I know what you’re thinking, “has it really come down to this”.
No doubts you’ve all seen the “Computer” icon in Windows Vista. Some of you might have even clicked on it and few of you probably have a shortcut on your desktop. But has it ever occurred to you it’s facing the wrong direction – away from you? At least one guy did, and this is just one of the minor details under scrutiny at the Windows UX Taskforce that is particularly fascinating, to me at least.
The problem is, by default, Windows displays icons from left to right. Assuming the user sits in the middle of the monitor, the icons should in fact face right towards you and not the edge of the monitor. The only icon in Vista off the top of my head which does this correctly are the “folders” icon which open up towards the right. This actually conflicts with the official user experience guidelines suggesting the perspective of icons face left.
If this isn’t weird enough, the Windows XP’s icons and even conceptual Vista icons designed by Iconfactory faced the right (pun) way. For some unknown reason, Microsoft designers decided to flip them. FYI: Mac OSX icons face directly at you – probably the best solution.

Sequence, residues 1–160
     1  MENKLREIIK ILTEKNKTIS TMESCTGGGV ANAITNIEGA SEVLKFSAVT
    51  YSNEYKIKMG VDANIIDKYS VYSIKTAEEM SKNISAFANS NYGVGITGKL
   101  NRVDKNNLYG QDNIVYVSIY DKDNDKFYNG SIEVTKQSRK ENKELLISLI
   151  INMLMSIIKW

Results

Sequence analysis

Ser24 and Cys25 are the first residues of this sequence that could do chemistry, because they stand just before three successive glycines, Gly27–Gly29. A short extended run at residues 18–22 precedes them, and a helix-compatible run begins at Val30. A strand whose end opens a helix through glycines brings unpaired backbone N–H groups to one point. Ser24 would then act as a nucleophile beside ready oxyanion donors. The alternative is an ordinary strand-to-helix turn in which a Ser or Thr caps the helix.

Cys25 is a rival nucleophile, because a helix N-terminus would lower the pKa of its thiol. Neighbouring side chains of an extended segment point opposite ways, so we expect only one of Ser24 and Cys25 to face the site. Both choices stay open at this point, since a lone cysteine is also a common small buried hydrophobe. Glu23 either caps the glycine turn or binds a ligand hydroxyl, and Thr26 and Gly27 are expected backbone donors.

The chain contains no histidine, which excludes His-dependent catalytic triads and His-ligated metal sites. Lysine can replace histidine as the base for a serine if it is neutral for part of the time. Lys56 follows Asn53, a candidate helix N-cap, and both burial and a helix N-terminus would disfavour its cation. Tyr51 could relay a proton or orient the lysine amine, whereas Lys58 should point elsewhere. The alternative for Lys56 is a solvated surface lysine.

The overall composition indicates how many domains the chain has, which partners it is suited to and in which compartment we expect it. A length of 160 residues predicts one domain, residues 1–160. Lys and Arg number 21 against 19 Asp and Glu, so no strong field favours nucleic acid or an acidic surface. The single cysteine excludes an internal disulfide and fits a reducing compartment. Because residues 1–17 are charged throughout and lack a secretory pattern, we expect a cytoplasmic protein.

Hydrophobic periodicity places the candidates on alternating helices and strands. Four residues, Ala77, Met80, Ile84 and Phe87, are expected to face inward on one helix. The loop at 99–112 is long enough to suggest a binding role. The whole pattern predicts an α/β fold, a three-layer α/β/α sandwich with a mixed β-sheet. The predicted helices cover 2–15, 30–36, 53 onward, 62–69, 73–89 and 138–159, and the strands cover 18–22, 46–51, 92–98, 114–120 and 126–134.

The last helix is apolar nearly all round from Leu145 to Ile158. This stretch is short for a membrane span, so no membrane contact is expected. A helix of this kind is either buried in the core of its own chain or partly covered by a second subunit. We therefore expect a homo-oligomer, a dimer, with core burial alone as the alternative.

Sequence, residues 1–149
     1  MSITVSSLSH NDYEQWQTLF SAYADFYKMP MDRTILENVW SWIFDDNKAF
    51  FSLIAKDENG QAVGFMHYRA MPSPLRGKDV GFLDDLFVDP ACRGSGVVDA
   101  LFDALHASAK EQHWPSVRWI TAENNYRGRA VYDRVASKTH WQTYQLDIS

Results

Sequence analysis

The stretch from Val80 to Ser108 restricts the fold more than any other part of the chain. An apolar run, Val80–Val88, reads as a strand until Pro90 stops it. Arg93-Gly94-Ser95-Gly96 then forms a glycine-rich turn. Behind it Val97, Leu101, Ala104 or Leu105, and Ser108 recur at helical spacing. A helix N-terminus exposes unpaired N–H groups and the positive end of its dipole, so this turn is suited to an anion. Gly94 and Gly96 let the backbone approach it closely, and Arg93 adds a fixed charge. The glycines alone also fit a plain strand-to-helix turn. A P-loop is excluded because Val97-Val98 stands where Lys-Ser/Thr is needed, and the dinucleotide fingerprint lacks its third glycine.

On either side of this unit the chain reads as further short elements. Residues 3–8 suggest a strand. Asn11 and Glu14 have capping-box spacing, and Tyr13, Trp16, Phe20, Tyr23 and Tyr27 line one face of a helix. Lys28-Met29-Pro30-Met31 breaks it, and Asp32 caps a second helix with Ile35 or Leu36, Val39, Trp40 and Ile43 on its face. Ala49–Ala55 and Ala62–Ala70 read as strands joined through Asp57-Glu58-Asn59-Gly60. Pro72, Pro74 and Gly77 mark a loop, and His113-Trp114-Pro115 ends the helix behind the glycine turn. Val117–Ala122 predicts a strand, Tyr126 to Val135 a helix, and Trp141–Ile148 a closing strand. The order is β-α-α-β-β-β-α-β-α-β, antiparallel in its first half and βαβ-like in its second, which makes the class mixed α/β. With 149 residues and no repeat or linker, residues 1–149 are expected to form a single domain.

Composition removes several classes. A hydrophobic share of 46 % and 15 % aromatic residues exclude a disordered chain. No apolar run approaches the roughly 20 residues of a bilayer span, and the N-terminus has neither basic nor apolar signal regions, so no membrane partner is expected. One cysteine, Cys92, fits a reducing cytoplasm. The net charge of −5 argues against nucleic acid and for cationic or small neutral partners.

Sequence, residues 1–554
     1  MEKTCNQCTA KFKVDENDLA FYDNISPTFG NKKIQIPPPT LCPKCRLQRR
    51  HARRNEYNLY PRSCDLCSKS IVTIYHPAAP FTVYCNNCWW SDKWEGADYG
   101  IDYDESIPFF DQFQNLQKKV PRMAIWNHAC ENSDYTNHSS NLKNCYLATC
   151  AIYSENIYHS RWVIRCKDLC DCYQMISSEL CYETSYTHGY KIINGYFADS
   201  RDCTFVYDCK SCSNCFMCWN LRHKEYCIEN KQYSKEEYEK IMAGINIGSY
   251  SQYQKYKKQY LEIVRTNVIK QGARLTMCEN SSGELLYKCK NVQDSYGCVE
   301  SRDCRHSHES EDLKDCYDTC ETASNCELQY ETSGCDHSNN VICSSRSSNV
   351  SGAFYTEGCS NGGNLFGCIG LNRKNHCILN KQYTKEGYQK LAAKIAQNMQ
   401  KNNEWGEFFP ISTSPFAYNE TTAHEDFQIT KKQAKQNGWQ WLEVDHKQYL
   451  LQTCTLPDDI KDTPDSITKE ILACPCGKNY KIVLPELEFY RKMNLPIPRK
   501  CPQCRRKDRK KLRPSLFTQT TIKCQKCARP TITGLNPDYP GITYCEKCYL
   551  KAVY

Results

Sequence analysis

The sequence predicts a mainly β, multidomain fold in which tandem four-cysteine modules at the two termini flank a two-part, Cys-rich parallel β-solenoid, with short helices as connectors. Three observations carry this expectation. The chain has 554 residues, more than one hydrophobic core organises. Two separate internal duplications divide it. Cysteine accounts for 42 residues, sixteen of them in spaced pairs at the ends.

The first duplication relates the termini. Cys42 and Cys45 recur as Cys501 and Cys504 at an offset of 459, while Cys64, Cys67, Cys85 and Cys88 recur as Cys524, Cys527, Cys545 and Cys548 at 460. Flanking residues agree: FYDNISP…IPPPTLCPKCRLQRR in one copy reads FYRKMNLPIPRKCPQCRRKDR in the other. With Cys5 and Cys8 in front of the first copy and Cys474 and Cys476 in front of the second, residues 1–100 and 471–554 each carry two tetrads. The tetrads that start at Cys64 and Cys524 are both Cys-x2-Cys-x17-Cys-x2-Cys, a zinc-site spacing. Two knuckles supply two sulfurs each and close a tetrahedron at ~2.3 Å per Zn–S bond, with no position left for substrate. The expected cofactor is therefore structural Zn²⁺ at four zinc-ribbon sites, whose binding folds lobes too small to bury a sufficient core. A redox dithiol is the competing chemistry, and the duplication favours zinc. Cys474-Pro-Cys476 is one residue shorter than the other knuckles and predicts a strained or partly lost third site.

Of course I understand that this is not a make-or-break issue and probably won’t be addressed in Windows 7 – just flipping the icons won’t actually work since the lighting and symbols on the icons will be different – but this raises an interesting discussion around the “psychology” of design. Could this explain why so many people are turned off by Vista? On the same note, facing left also implies “looking back” as opposed to right – “looking forward”. You get the drift.
In spite of the serious discussion at hand, this comment by “Turge” had me giggling inside. He writes, “My computer is to the right of me, so the icon is facing the right way. Please don’t change this otherwise I’ll have to move my PC.” Can’t argue with that.
Update: Ged from Iconfactory confirms the icons are facing “the wrong way”.